Then there’s the question of what happens to those patients with real but nonemergent medical needs who are turned away from the emergency department. In the mid-1990s, Robert Derlet, MD, now a professor emeritus of emergency medicine at the University of California-Davis, described that institution’s system for triaging nonemergent patients out of the ED in articles published in Academic Emergency Medicine. (2004;11:38, 1994;1:204.) But today, it’s a different world, Dr. Derlet said.
“When we did this, there were free clinics in the Sacramento area that had capacity to see our nonemergent patients when we referred them out,” he noted. “We could send them somewhere, and they’d be seen that afternoon. But as time has passed, there’s no more capacity in the system for that. I do believe that ERs are for emergencies, and I think Kaiser is a fantastic example of a system where they have a number of urgent care clinics, so if a patient comes to the ED they can internally refer the patient under the same umbrella. But you have to take care of the problem.”
Dr. Springer said he actually first heard of externally triaging nonemergent cases when he was a resident at UC-Irvine some 15 years ago, during Dr. Derlet’s tenure. He said he appreciates his mentor’s concerns. “We’re trying to appropriately address the tax on these clinics,” he said. “With our community clinic, we added a PA to the staff, anticipating that their numbers would go up.”
Dr. Platts-Mills said he also worries that people who hear about these new ED policies may be discouraged from presenting to the emergency department in the first place. “If the public thinks that they are going to be asked for money before receiving care, maybe they will decide not to come in or delay coming in. And that delay could also be dangerous,” he said.
He recalled a patient in the midst of a heart attack who drove herself to the ED, and went into cardiac arrest within two minutes of arriving. “Fortunately it wasn’t busy, she had been placed directly into a bed, and a nurse was at the bedside. She lived. I have often wondered how it would have played out if she had encountered one extra red light,” Dr. Platts-Mills said. “Not all patients know they have a life-threatening condition, and if they think they will be charged up front, there may be some patients who will delay their care with profound consequences.”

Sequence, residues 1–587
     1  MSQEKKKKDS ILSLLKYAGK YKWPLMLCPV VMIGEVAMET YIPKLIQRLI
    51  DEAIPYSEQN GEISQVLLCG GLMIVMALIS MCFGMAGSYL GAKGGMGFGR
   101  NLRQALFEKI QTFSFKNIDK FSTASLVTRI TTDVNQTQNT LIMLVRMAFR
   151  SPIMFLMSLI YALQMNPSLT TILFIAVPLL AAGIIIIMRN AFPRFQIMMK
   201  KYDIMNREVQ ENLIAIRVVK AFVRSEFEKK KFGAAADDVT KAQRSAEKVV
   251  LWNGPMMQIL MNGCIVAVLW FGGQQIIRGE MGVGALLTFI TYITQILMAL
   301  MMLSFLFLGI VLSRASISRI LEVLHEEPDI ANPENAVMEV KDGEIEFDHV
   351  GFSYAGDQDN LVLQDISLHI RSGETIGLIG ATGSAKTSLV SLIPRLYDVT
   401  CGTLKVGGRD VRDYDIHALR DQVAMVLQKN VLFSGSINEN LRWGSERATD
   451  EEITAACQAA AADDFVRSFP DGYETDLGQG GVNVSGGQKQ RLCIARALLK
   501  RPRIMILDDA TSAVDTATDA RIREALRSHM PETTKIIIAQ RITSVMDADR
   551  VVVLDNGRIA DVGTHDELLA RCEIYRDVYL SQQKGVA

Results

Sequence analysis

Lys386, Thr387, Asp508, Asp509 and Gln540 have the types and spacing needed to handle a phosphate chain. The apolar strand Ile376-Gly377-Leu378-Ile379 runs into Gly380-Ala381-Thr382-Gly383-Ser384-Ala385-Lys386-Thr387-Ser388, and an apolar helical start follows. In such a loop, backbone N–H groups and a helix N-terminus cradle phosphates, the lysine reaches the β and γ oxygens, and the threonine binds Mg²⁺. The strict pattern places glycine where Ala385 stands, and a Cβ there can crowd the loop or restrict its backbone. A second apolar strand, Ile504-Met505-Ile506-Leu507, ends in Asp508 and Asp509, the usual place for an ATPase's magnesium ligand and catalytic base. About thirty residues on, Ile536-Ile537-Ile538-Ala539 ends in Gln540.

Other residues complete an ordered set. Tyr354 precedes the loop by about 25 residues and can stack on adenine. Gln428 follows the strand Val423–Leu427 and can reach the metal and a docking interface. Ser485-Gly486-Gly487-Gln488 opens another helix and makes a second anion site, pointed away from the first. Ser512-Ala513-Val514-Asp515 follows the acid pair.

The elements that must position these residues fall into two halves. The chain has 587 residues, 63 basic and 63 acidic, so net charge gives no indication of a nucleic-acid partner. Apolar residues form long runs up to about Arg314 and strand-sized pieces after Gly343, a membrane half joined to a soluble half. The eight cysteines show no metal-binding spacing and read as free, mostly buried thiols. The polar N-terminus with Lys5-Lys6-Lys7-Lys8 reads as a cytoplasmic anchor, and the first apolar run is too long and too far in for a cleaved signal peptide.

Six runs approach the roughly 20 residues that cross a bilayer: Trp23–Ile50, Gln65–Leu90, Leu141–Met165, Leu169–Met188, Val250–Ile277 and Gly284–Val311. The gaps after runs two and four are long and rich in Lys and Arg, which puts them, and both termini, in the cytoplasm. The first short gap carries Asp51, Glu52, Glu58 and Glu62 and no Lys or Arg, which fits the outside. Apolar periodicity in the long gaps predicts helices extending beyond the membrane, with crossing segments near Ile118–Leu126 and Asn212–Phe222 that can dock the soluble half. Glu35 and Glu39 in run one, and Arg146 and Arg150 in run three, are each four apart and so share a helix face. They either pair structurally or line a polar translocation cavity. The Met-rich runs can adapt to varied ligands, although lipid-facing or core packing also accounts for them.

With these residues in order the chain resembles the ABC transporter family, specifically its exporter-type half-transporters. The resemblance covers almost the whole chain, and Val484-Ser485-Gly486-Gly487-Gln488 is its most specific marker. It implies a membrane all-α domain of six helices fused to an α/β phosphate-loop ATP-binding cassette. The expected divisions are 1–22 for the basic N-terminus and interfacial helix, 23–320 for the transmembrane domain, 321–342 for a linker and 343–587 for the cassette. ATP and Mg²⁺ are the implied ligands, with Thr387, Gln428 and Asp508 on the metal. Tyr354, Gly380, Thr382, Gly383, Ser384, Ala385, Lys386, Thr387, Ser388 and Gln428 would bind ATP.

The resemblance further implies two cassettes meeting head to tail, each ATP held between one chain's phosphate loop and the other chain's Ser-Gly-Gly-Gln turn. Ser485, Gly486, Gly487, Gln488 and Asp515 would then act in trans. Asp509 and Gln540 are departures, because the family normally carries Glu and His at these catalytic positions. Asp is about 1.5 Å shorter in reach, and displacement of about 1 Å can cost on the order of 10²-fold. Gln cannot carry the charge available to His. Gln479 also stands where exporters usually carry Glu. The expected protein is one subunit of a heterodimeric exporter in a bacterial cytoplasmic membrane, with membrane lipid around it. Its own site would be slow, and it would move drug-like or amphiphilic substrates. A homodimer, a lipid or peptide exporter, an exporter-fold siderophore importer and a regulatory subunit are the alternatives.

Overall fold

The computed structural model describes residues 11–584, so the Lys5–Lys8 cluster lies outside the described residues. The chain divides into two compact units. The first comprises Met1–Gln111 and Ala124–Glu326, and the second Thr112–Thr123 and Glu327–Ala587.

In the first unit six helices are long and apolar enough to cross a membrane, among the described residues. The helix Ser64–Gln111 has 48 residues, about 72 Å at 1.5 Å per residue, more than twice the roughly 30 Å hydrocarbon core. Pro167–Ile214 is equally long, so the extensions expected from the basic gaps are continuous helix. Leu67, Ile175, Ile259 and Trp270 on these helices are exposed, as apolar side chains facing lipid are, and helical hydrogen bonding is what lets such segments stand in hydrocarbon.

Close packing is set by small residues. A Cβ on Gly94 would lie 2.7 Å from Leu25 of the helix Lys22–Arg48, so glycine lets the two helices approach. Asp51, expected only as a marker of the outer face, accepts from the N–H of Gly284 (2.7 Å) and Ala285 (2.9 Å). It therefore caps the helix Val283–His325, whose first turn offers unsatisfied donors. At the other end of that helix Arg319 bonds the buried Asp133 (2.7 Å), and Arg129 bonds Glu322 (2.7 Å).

It also remains to be seen just how much money greet-and-street policies will really save hospitals. It’s often claimed that a significant percentage of ED patients present without true emergencies, but national data suggest otherwise. The 2008 National Hospital Ambulatory Medical Care Survey found that ED patients were triaged as needing to be seen immediately (3.7%); emergently (within one to 14 minutes; 11.9%); urgently (within 15 to 60 minutes; 38.9%); or semi-urgently (within one to two hours; 21.2%). Just eight percent of patients were nonurgent, and able to wait two to 24 hours to be seen. For the remainder, triage status was unknown.
Dr. Derlet said he’s disappointed by the greet-and-street trend. “I think every person in this country deserves health care,” he said. “Hospitals and communities need to find a way to provide free or very low-cost clinics for people who don’t have emergency conditions so that they can be taken care of. They will say they can’t afford it, but if you look at the salaries of top officers, they’re doing better than they claim. Hospitals can do more. They really can.”
But Dr. Springer said he believes the policy is improving care, at least at his hospital. “While it’s still early days, we’re looking at anywhere from 10 to 20 fewer visits per day. That means much quicker throughput in our triage areas for the true emergent cases,” he said. “And several people — people with insurance, actually — have come in and said they didn’t realize that their condition could be treated by their primary care provider, and they were glad we told them that. And we’ve had chronic patients — those who come in on a frequent basis for the same complaints — actually utilize resources, and talk with our case manager about their options.”